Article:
NewsProtecting Paradise


Environmental issues label 2018 as #toxic18

Posted at 10:25 AM, Dec 27, 2018
and last updated 2018-12-29 09:07:15-05

OKEECHOBEE, Fla. — The environment and our water woes were clearly some of the biggest issues of 2018.

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The word "toxic" wasn’t even a thought in the first couple of months of the year.

Then May came with lots and lots of rain. Lake Okeechobee filled up with polluted water, as well as our canals.

Then discharges came, combined with local runoff.

"Don’t want people out here touching it, breathing it in," said Emily Mauri in Stuart.

Once again, blue-green algae plagued the St. Lucie River. Business owners lost money.

RELATED: State of emergency declared over blue-green algae | Cleaning up toxic algae

"We’re at the point where we’re thinking about moving," said Jordan Schwartz, the owner of Ohana Surf Shop, this past summer.

Some even went out of business.

"Replace it with something that’s working," said Sebastian Lahara. He closed Riverfront Kayaks and rebranded his shop as Bikes Plus.

As the summer went on, there was a lot of discussion about the possible link between cyanobacteria’s toxins and neurodegenerative diseases. There was also outrage and activism.

"There’s no marine industry left," said Marty Baum with Indian Riverkeepers.

"Documentation is key," said Kim Streiber. She and four others created the #toxic18 Facebook page where people can post photos of algae.

"Everyone in the community can come to and post what they’re seeing in their backyard," said Jennie Pawlowsky.

Once again, there was a difference in opinion on what is the best solution for the issue. We heard calls for sending the excess water south, and others calling for storage north of Lake Okeechobee.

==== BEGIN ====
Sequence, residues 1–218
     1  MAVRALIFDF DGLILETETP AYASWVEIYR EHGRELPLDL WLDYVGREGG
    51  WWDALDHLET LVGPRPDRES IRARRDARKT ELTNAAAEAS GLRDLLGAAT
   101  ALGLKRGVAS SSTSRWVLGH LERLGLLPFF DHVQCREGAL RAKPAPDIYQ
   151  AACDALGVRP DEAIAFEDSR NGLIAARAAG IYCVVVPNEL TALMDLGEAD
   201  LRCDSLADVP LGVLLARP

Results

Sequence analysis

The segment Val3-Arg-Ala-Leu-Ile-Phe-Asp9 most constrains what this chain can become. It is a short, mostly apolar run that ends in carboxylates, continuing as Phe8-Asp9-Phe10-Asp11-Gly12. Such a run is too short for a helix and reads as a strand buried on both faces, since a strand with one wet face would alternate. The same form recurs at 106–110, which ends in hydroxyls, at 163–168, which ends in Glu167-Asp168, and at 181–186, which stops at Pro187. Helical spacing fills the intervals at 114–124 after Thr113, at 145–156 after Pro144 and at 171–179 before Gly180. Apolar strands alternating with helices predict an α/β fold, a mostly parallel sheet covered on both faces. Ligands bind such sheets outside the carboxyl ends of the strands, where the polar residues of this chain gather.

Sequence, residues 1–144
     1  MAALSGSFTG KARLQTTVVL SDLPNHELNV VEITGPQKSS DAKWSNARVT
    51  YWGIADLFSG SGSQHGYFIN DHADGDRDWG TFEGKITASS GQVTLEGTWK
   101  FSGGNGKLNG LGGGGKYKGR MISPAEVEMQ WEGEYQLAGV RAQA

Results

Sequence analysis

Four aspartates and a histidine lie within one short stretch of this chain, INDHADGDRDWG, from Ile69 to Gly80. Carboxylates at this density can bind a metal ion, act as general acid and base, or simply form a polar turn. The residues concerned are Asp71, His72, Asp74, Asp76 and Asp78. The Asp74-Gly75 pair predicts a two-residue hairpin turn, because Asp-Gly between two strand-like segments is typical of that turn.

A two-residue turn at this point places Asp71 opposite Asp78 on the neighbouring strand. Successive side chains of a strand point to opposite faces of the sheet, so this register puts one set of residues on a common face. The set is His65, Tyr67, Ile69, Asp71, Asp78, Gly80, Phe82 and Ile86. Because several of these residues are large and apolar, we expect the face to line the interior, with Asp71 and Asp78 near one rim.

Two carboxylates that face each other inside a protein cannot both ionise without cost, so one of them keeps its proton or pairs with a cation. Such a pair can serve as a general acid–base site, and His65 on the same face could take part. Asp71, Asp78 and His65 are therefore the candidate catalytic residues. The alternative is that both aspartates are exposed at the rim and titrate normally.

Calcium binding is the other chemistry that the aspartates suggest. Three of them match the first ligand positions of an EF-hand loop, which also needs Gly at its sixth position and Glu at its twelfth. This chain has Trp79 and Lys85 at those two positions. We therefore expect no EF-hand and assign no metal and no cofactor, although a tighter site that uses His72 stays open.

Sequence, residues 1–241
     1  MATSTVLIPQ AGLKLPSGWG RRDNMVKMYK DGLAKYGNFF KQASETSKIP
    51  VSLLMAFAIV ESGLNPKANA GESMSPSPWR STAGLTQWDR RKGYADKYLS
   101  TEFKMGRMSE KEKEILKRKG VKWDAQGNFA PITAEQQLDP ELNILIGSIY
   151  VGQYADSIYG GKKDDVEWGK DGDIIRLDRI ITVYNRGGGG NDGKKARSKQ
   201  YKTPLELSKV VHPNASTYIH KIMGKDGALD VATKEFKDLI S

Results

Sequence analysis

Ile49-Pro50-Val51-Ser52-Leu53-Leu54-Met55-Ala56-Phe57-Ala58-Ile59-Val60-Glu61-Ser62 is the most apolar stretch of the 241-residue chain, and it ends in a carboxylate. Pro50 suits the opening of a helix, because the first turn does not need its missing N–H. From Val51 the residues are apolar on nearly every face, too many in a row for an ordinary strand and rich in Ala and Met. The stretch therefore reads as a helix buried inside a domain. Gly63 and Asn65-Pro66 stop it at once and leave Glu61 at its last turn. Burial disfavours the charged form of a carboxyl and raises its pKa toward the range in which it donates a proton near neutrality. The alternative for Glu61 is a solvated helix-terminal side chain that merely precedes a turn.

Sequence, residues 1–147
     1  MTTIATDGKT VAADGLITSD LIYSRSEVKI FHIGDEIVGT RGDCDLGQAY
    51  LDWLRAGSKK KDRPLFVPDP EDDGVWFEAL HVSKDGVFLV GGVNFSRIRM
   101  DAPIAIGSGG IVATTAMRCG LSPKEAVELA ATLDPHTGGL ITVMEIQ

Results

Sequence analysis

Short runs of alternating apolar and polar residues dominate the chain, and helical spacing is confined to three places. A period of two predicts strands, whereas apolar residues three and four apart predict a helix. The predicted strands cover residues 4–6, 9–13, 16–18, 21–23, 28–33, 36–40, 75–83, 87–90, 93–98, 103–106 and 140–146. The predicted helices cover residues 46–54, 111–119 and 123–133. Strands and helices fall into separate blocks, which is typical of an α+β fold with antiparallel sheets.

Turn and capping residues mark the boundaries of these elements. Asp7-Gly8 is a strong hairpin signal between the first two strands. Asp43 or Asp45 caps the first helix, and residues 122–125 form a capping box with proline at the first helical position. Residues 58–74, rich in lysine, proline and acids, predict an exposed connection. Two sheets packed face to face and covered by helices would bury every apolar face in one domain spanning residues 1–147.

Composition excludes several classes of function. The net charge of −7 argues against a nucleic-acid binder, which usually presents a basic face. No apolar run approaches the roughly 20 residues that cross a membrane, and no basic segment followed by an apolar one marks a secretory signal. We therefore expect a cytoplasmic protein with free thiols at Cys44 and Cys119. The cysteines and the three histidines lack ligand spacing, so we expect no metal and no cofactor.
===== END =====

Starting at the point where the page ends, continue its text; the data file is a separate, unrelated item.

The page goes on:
Also in 2018, we witnessed one of the worst red tide events in Florida history.

RELATED: Red tide map | Dead fish wash ashore in Florida | Is seafood safe to eat? | Expensive cost of red tide cleanup

"Just floating fish everywhere," said Wyler Gins on Fort Myers Beach.

Then for the first time in years, red tide hit the East Coast. From Miami to the Treasure Coast, beaches were shut down. In Vero Beach, dead fish lined the beaches.

"About 120,000 pounds of marine debris," said Indian River County’s Coastal Engineer James Gray as his crew picked up dead fish one day.

All of these issues led up to a key issue in the November midterm elections.

"Not a Republican or Democrat issue," said Emily Mauri from Stuart as she handed out fliers in support of cleaner water. "Who is the best fit to take care of the issue?"

Now we look forward to 2019 as everyone hopes our paradise recovers from what is now labeled as #toxic18.

"This is a whole disaster for the state, not just Martin County or Lee County," said Mary Radabaugh at Central Marine in Stuart. "This is the entire state of Florida we’re talking about."